Thursday, 26 May 2011

So Long and Thanks for All The Fish – A Suggestion for Israeli Philanthropy

Ben Gurion said that what the government did not provide the people do not need.
Ben Gurion was wrong.
You know what, let me temper that comment - what Ben Gurion said is no longer relevant.

Whether the details of Israel’s birth were governed by circumstance or by design is not the point. The fact that the fledgling State was destitute, struggling against foes internal and external, and as unstable as any newborn may be expected to be until finding her own legs, so to speak, is very pertinent to the methods of ruling that were implemented at the time.

I would like to think that, besides the economic politics of the ruling party from independence through the 70’s, the lack of acceptance of a third sector in Israel (to act alongside the Public, 1st, and Business, 2nd, sectors) was necessitated by a difficult combination of a lack of resources and a need to prioritize. During this period, far from the oppression of the 3rd sector in other socialist, communist and monarchist regimes existent at the same time, the Israeli social activist was able to operate under the laws residually incumbent in the land. For many issues, Israeli law was either based upon, or deferred to, British law; on issues pertaining to the registration and management of what we now call non-profit organisations (NPOs), non-governmental organisations (NGOs), charities, social sector or third sector initiatives, etc., the legislation in place was the Ottoman Law of Associations, dating back to 1909 when the Turks adopted the French system that suited their needs.

I would ask to put to one side for a moment the Jewish and Islamic view of Tzedaka/Zakat as a system of social justice, and would like to look at it through a more modern prism of social investment (the two have the basically the same aim and endpoint, but the latter I would like to propose as a framework to be adopted).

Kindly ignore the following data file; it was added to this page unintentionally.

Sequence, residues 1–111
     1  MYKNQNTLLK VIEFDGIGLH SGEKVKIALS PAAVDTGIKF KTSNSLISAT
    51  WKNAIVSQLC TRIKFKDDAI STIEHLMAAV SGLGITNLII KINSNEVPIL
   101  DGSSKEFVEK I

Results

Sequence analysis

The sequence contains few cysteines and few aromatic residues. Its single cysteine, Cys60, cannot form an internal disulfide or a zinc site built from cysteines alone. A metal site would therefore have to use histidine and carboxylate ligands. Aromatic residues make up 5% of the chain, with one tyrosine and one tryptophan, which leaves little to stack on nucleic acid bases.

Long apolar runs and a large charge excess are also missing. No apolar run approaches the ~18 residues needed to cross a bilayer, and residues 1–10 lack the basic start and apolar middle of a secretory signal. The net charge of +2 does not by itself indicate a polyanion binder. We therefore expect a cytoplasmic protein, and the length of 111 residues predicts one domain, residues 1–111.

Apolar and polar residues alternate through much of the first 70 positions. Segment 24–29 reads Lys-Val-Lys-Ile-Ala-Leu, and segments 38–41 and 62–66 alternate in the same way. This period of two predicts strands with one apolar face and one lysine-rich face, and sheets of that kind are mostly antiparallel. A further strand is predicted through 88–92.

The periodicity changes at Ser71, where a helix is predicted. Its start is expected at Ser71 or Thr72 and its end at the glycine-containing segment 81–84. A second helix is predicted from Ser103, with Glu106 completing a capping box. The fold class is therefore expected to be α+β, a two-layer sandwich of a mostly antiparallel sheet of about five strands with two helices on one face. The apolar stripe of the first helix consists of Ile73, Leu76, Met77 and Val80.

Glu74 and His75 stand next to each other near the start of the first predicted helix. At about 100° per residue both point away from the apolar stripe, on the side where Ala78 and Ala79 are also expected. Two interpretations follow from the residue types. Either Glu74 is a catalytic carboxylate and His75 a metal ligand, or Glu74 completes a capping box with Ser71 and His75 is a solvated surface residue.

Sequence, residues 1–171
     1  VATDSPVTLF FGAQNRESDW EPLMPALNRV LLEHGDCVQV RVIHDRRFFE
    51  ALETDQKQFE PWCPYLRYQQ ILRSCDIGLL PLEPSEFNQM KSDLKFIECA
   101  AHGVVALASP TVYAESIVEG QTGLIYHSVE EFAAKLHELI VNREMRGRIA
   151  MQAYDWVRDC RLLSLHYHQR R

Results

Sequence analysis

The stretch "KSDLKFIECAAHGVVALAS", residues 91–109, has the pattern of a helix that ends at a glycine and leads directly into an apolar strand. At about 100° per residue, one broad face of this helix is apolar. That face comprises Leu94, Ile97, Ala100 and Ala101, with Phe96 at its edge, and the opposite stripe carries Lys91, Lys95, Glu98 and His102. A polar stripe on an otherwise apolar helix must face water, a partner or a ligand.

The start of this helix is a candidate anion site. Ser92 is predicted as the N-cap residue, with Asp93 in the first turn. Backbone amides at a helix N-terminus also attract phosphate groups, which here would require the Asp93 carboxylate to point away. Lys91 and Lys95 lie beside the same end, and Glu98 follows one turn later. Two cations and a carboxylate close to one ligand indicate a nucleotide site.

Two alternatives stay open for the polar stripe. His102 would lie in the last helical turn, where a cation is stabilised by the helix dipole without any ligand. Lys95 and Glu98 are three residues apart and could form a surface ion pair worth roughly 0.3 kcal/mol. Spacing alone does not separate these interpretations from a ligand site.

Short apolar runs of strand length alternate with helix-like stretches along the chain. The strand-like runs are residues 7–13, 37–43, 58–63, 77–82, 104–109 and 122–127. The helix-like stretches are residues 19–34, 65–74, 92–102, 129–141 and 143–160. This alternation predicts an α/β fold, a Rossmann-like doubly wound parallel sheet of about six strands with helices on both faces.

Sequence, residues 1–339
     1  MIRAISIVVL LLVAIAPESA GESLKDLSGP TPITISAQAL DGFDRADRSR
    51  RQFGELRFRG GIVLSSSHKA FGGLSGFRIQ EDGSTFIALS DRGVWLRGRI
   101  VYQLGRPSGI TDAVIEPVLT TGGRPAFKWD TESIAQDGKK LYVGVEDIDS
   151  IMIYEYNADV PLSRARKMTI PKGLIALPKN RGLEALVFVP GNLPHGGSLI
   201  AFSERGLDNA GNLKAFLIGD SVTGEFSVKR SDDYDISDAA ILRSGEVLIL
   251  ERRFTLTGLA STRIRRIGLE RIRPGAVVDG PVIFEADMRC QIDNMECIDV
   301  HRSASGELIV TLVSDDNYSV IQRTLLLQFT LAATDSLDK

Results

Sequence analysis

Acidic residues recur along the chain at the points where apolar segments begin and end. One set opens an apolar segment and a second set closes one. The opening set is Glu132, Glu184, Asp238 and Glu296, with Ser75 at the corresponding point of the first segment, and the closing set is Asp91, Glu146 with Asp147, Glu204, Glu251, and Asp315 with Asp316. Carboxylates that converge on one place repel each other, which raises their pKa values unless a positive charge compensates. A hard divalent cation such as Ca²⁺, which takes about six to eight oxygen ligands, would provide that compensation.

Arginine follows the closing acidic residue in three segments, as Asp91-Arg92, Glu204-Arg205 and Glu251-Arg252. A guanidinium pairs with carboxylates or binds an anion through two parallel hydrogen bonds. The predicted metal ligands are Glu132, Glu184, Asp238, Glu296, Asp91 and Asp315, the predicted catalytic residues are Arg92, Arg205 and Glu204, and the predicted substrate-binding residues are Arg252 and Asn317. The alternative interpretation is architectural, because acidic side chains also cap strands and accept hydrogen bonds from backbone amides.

In 1998, Robert Harstook wrote an article in Fund Raising Management entitled “77 Reasons why People Give”. This article lists reasons ranging from the inspired to the egocentric, and is a great place to look to find insights into the motives of either your own giving or that of your donors. I would like to concentrate on the realm of the logical, and to propose a theory of why we are where we are in Israel, 2011, and where we should go from here.

To present a diametrically opposite system to that of BG, allow me to suggest that of laissez-faire, or pure, capitalism.

The weaker sectors of society are a drain on the resources of the stronger. Taking into account the fact that capitalism is based upon the creation of wealth through production and consumerism, this drain on the resources of society must be solved, not merely supported.

The way to do this, it appears, without having the ability to “dispose of” the weaker elements of society in any one of the Spartan ways designed by mankind over the centuries, is to enable the weak... not to be.

If the weak are not weak, they will not be a drain. If they can break even, make as much as they cost, they may not be a drain, but they are also not a resource. If a way could be found for them to create more than they cost, to produce, to advance, then they become a resource. When cycles of poverty become cycles of production and growth, they create wealth and sustain the growth of society - they also, as consumers, enable the rich to become richer, thus advancing the capitalist’s cause.

Without any state intervention, other societies came to the realisation that the investment by those with means in bringing those without to the point at which they become self-sustaining generators facilitates growth for the investor at least as much as it does for the investee.
Let us diverge, for a moment, from logic and take a glimpse at the Jewish ethical stance. The Rambam devised a theory of social investment that comprised of an eight level measuring scale of the effectiveness of giving. The lowest level, according to the Rambam, is the begrudging donation to the needy. The levels go through a combination of willingness to give, consideration for the feeling of shame of the beneficiary, and the purposeful direction of the gift. The highest level is: “to strengthen the name of another Jew by giving him a present or loan, or making a partnership with him, or finding him a job in order to strengthen his hand until he needs no longer [beg from] people.” (Maimonides, Mishneh Torah, Laws of Gifts of [that belong to] the Poor)